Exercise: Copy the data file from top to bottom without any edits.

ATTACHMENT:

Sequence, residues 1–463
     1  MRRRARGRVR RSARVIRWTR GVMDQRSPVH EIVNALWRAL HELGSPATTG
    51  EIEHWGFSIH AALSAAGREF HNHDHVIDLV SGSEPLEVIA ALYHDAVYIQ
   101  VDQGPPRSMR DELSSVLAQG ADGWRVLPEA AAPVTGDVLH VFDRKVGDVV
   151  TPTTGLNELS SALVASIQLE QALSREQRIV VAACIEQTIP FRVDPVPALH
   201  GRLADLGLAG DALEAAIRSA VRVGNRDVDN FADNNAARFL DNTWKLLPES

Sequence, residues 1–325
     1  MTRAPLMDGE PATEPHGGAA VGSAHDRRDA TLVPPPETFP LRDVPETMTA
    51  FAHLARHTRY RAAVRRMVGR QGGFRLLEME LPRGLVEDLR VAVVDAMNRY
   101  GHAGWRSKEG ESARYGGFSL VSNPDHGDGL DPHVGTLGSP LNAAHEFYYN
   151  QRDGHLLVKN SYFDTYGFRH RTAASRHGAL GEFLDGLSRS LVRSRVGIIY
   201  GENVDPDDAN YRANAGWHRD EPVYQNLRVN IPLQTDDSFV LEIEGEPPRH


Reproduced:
Sequence, residues 1–463
     1  MRRRARGRVR RSARVIRWTR GVMDQRSPVH EIVNALWRAL HELGSPATTG
    51  EIEHWGFSIH AALSAAGREF HNHDHVIDLV SGSEPLEVIA ALYHDAVYIQ
   101  VDQGPPRSMR DELSSVLAQG ADGWRVLPEA AAPVTGDVLH VFDRKVGDVV
   151  TPTTGLNELS SALVASIQLE QALSREQRIV VAACIEQTIP FRVDPVPALH
   201  GRLADLGLAG DALEAAIRSA VRVGNRDVDN FADNNAARFL DNTWKLLPES

Sequence, residues 1–325
     1  MTRAPLMDGE PATEPHGGAA VGSAHDRRDA TLVPPPETFP LRDVPETMTA
    51  FAHLARHTRY RAAVRRMVGR QGGFRLLEME LPRGLVEDLR VAVVDAMNRY
   101  GHAGWRSKEG ESARYGGFSL VSNPDHGDGL DPHVGTLGSP LNAAHEFYYN
   151  QRDGHLLVKN SYFDTYGFRH RTAASRHGAL GEFLDGLSRS LVRSRVGIIY
   201  GENVDPDDAN YRANAGWHRD EPVYQNLRVN IPLQTDDSFV LEIEGEPPRH